Infinite – Jeremy Robinson
Infinite is, overall, a really thought-provoking book. As of now, it's still on my (personal) top ten list, though I'm guessing it will just fall off the bottom by the time I read through all the books. It also happened to be the first book I read in the contest! You can see my review on my SPSFC reviews page. I will say the beginning of the book is a little hard to get through as there is some pretty gory violence and some lowbrow humor, which might have turned off some of the judges. However the book is well-written, and an excellent character piece showing the development of the main character. I had a few quibbles with it, the main one being that there are actually too many twists and turns. Some of them near the end, in my opinion, revert some of the character development with made me frustrated with the story. I almost think this should have been two books, in order to get the triumph of the first half, and then save some of the really twisty plot progressions for the second book. As it is, there is a second book released, Infinite², which from reviews looks to be just as trippy as the first one, if not more so. So if you want a mind-bending, deep space, character focused science fiction with a bunch of unforeseen twists that are hard to predict, give Infinite a try!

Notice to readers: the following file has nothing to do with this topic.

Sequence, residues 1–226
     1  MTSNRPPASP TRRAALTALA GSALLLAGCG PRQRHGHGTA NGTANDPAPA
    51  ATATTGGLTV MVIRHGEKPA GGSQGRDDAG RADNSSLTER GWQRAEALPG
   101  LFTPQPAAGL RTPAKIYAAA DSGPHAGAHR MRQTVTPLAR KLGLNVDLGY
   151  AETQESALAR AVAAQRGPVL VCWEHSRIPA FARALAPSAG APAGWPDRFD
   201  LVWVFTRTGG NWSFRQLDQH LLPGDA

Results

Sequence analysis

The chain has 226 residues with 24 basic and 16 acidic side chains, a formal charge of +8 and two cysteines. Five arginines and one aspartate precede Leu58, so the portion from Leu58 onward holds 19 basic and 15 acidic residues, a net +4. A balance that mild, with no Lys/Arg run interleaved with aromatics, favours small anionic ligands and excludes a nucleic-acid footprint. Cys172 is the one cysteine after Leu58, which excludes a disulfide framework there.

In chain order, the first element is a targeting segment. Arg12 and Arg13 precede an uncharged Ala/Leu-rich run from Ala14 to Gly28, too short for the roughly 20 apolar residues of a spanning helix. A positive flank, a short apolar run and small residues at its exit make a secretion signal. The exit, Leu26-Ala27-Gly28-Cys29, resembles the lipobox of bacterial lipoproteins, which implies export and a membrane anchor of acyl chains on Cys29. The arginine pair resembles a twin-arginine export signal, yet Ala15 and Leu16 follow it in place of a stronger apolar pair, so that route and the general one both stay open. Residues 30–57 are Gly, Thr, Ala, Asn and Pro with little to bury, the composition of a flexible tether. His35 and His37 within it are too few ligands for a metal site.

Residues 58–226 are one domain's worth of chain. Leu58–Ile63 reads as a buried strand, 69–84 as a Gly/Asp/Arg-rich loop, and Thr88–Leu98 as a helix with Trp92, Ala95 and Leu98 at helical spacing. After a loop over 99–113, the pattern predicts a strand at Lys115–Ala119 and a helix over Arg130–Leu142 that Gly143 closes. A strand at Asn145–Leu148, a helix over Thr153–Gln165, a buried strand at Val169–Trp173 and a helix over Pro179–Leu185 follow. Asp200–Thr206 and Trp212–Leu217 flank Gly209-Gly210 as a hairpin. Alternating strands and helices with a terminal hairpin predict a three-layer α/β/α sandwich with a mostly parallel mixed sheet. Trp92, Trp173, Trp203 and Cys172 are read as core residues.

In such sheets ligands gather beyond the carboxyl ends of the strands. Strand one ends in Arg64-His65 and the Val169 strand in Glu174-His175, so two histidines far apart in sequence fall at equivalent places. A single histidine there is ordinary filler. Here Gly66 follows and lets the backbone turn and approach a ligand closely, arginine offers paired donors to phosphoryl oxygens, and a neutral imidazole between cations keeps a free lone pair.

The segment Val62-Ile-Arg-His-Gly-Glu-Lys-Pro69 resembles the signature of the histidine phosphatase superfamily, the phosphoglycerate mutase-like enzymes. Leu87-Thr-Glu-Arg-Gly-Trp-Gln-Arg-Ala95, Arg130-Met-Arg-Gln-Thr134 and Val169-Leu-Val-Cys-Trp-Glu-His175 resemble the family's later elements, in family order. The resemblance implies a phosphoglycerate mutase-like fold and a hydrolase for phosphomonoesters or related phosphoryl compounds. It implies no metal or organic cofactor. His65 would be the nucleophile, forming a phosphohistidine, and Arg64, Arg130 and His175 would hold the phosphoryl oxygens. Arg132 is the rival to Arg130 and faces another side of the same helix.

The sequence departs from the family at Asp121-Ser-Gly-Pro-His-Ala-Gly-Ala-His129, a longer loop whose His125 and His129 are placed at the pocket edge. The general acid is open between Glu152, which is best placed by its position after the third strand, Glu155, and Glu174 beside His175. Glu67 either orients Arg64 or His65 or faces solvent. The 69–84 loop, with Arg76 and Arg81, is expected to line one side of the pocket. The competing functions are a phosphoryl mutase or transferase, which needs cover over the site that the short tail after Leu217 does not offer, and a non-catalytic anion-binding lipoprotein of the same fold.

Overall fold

Things They Buried – Amanda K. King & Michael R. Swanson
My last cut is a hard one for me. I’d love to see this one go on to the top ten. It will likely stay in my personal top ten list. I really loved the worldbuilding, the character growth, the lowkey scifi and steampunk, the diverse inclusion and the fun romp of the story. The main reason this one got cut (and what I was afraid of when writing up my review on my SPSFC page) is that the story contains a hefty dose of child abuse, and that is certainly not for everyone, especially if you are the parent of a child. It’s treated with respect in the story and helps to drive the narrative, but there is a lot of it, even to the point of reading descriptions of dead children’s bodies, and having adults fight off (what amounts to) zombified children. When I was writing my review, I spent a fair bit of time wondering if the same story could have been told without this aspect. My final conclusion is that it potentially could be cleaned of all instances of child abuse, but the story would be vastly different, as would the main character’s journeys. That tells me this is part of the core of the book and something the authors wanted to explore in the narrative, and so deliberately included. It’s not a subject for everyone, but then neither are romances, or gory violence a la Game of Thrones, or even just sword and sorcery vs. science fiction. In all, I really enjoyed the book, and I’ll be reading next one in the series once I’m finished reading for the contest. If you’re looking for a dark science fantasy with powerful themes and intriguing characters, definitely check this one out.